In the last issue I showed you some of the more common ways to harmonize solos or riffs with a second guitar part. I explained that this was most commonly done using diatonic major and minor thirds – where you play the same melodic line only three scale steps higher and you stay within the scale. There are many other ways of harmonizing solos and I’d like to show you a few more.


Understanding how to harmonize two musical lines requires a good knowledge of intervals (the distance between two notes). Since there are 12 notes in Western music, this means there are 12 basic types of intervals (13 including a perfect unison). This is shown in Exercise 1. Try playing both notes at the same time (by playing the original E note on strings two or three) so you can hear how each sounds. Going through each different interval in detail is beyond the scope of this lesson. However as a general rule, any interval one or two frets apart will sound too dissonant (min/maj 2nds, min/maj 7ths). So too the tri-tone of the augmented fourth/diminished fifth (that’s not to say you can’t try these though!). All the other intervals will be reasonably pleasant to the ear.  

Hear Exercise 1


This is a fast alternated-picked lick using a hybrid Dorian/Blues scale in A. The original line is that played by Guitar 1. The Guitar 2 harmony part introduces the concept of parallel harmonies. As the name suggests, you play the exact same riff but starting an interval higher (or lower). In this example, parallel fourths are used.  The harmony lick is exactly the same, only played a fourth higher (5 frets on the guitar). Thus, every harmonized note is a perfect fourth apart. Since you are no longer staying within the scale, this can create some unusual (but also heavy and twisted!) sounds. For example, the intro to the Slayer classic ‘Raining Blood’ uses parallel fourths and it tends to work great with more chromatic riffs like this. Other parallel intervals that can sound good are minor thirds, major thirds, perfect fifths, maj/min sixths, and perfect octaves.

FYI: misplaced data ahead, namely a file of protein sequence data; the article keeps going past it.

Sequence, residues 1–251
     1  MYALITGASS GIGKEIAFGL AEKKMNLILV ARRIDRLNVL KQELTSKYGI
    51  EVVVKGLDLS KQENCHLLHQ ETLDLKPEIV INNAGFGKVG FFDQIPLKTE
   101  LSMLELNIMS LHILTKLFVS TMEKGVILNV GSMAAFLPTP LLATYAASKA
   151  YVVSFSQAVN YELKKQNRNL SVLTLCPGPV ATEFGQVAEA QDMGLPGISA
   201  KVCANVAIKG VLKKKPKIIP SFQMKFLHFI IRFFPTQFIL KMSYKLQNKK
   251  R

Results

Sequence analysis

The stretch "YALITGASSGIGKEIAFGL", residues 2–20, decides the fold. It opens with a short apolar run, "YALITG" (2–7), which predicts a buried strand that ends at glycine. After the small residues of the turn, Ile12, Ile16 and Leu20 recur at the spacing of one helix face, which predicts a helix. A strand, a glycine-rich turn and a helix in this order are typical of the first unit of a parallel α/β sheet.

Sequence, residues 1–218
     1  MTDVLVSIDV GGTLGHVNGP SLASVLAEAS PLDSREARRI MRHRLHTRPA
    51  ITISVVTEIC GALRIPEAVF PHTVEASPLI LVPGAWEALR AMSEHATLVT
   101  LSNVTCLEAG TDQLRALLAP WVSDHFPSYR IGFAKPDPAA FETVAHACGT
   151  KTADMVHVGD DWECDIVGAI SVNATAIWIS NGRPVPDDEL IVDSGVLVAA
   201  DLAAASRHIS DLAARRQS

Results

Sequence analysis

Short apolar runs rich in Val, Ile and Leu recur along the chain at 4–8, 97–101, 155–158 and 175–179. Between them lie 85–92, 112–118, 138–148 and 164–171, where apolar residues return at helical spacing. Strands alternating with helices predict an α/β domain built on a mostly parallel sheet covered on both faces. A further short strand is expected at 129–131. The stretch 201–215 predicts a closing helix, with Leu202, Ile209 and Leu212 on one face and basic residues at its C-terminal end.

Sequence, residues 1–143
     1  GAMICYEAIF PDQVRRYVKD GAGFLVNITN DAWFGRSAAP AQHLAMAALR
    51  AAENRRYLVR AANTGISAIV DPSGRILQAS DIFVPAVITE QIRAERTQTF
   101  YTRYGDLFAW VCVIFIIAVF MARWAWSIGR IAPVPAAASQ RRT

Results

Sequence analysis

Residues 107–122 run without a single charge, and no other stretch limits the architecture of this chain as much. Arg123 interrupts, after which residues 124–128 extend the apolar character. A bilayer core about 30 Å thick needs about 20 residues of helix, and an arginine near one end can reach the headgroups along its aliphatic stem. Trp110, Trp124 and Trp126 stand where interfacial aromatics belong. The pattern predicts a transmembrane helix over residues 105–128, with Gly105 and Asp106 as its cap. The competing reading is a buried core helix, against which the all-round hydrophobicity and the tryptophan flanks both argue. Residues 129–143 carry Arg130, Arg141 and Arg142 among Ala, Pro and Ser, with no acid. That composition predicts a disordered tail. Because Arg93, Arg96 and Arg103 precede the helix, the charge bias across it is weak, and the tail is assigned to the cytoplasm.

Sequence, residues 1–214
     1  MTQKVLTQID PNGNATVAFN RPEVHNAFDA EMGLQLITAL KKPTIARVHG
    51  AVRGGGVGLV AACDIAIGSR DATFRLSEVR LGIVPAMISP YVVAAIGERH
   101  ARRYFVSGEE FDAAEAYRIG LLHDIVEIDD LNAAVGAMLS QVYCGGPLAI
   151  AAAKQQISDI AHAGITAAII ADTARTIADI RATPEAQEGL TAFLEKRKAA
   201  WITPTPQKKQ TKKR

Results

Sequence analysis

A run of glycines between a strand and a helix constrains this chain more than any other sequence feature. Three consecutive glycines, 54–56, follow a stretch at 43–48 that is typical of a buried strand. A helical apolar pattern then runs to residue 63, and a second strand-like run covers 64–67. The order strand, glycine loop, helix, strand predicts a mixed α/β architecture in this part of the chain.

Hear Exercise 2


Rather than the harmony part always following the same rhythmic/melodic outline as the original and using the same intervals throughout, you can select different intervals and mix them up. This means each guitar will be playing a different melody. Exercise 3 illustrates this using a very simple example in A Dorian (see if you can work out the different intervals used). In classical music terminology, when two musical lines are independent and moving in different directions, it is known as counterpoint.

Hear Exercise 3


This is a fast thrash/death metal riff that uses both parallel and contrapuntal harmonies. The basic riff is what’s played by Guitar 1. When the second guitar harmony kicks in, it first uses parallel minor thirds – the chromatic tremolo-picked notes of the riff are played exactly three frets higher. The next time through, the second guitar plays a more counterpoint style line for the tremolo picked notes. If we compared the notes of Guitar 1 to Guitar 2, the intervallic relationship is as follows: perfect 5th, min 3rd, maj 3rd (an 8ve higher), maj 3rd (an 8ve higher), maj 3rd. So, both guitars are moving in different directions and playing different notes, but still harmonizing together in a meaningful way. In essence, it’s two riffs becoming one!

Hear Exercise 4

Hopefully this gives you a few more ideas on how to harmonize solos and riffs. So grab your buddy – or your recording gear – and try coming up with some twin harmony parts of your own.